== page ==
the owners, who will naturally delay often until too late; but instructions should be given and responsibility in the matter cast on all the local commanders.
It should be a special aim, likewise, to break up all the plantations being worked by the disaffected or mercenary under the auspices of the enemy; to capture and remove the negroes back, and to punish the disloyal holders of such plantations. Indeed, considering the liability of the banks to be visited and robbed by the enemy, I think policy requires, as far as my be, the removal of the planters with their slaves back from the river at least 8 or 10 miles, so as to make the whole length of the river useless to them and accessible to our flying artillery,without danger of information to the enemy. The country back from the river, on the west side, is peculiarly favorable for such operations as are recommended, and I feel assured, under your official supervision, the river may be as effectually closed to the enemy's trade, and they as much prevented from obtaining supplies of cotton,as if we had continued to hold Vicksburg.
Great moral and political results must follow from thus practically exhibiting the impossibility of commanding the Mississippi while held by the gallant people of the South, unless on the condition of their independence and amity.
With high esteem, very truly, yours,
J. A. SEDDON,
Secretary of War.
HDQRS. DEPARTMENT OF THE INDIAN TERRITORY, Honey Springs, August 3, 1863.
Major W. B. BLAIR,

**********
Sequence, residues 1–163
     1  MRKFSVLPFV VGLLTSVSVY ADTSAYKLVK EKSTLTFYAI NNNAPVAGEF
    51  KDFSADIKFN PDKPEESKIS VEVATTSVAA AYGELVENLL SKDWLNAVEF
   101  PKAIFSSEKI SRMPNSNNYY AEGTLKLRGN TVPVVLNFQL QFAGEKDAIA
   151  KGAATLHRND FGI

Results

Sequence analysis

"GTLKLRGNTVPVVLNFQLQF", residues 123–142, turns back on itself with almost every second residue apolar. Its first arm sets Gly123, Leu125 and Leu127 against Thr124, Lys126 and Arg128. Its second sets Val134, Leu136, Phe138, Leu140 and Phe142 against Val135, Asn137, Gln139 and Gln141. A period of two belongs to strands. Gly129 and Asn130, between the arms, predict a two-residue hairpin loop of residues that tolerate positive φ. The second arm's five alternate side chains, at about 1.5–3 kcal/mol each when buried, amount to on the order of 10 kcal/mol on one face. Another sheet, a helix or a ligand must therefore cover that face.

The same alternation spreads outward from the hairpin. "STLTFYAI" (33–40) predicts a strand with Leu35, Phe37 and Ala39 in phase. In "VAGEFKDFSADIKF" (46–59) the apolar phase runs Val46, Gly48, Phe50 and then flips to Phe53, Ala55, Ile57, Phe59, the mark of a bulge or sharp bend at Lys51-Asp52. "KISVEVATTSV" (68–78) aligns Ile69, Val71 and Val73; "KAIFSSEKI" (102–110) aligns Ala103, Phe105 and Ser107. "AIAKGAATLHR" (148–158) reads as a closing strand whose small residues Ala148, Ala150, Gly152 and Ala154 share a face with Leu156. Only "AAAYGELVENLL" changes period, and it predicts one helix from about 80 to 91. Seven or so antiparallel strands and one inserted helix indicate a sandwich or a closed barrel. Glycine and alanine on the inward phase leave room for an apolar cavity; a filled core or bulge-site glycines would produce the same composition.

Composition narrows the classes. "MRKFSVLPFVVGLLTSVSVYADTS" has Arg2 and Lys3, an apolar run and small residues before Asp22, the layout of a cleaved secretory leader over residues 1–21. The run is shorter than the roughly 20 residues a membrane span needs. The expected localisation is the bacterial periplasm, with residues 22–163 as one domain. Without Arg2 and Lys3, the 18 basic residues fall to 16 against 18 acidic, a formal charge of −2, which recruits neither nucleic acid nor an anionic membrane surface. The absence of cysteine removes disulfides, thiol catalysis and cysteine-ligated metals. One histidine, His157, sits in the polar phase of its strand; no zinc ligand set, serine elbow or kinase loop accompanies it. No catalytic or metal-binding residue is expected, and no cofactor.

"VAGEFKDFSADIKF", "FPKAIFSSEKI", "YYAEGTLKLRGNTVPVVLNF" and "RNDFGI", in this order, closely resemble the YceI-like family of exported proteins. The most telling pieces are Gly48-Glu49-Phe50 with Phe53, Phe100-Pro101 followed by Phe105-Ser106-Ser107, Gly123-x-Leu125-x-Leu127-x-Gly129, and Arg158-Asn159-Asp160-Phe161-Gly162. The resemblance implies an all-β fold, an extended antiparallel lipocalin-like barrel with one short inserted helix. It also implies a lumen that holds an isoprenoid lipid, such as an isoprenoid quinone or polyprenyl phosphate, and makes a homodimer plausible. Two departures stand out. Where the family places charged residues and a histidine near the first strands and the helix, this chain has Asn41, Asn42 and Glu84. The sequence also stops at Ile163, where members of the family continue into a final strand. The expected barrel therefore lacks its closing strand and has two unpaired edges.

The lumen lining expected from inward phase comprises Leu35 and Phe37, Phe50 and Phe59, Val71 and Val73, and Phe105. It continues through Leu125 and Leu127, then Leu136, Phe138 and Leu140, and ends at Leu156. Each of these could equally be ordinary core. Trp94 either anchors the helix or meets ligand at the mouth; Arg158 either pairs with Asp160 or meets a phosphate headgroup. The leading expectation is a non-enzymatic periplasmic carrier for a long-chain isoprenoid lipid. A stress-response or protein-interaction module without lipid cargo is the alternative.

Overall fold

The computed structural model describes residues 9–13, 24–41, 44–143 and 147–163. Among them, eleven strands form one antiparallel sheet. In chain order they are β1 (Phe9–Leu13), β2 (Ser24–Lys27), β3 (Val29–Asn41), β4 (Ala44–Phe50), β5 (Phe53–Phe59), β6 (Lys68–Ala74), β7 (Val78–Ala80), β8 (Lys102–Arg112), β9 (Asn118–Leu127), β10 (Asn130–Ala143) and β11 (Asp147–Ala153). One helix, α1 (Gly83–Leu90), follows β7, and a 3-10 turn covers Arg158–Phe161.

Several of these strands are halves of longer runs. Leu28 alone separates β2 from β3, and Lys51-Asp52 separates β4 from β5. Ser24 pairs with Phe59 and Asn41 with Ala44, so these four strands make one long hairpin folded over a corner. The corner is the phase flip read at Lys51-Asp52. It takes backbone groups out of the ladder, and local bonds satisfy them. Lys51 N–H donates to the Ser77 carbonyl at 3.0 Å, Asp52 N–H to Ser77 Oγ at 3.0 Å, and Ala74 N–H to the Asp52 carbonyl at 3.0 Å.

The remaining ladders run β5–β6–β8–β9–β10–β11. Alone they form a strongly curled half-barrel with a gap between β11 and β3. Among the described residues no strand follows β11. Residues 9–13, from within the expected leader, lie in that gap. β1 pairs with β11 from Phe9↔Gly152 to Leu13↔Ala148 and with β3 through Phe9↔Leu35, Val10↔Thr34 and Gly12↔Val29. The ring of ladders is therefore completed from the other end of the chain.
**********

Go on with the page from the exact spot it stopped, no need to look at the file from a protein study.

Actg. Asst. Adjt. General, District of Arkansas:
MAJOR: I am in receipt of information, which I consider reliable, that a force is being collected at Fort Scott, Kans., for the purpose of aggressive movements in this direction. Am not in a condition now to attack Fort Gibson. I have not sufficient artillery, nor men enough to take it without. I have not yet heard from General Bankhead. The ammunition which I received from San Antonio turns out to be very bad. The powder looks well when first opened, but attracts moisture to such an extent that exposure to damp weather converts it into a paste. The troops have no confidence in it. The small portion of a better quality is exhausted. The enemy is apprehensive of an attack, and keeps about 30 miles of the river picketed and patrolled. I think he will not make a move until he receives re-enforcements.
Respectfully, your obedient servant,
HDQRS. TRANS-MISSISSIPPI DEPARTMENT, No. 35.
Shreveport, La., August 3, 1863.
Lieutenant Colonel W. A. Broadwell is announced as chief of the Cotton Bureau of the Trans-Mississippi Department. All Government agents for the purchase,collection,or other disposition of Government cotton are directed to report to and receive their instructions from Lieutenant-Colonel Broadwell.
By command of Lieutenant General E. Kirby Smith:
S. S. ANDERSON,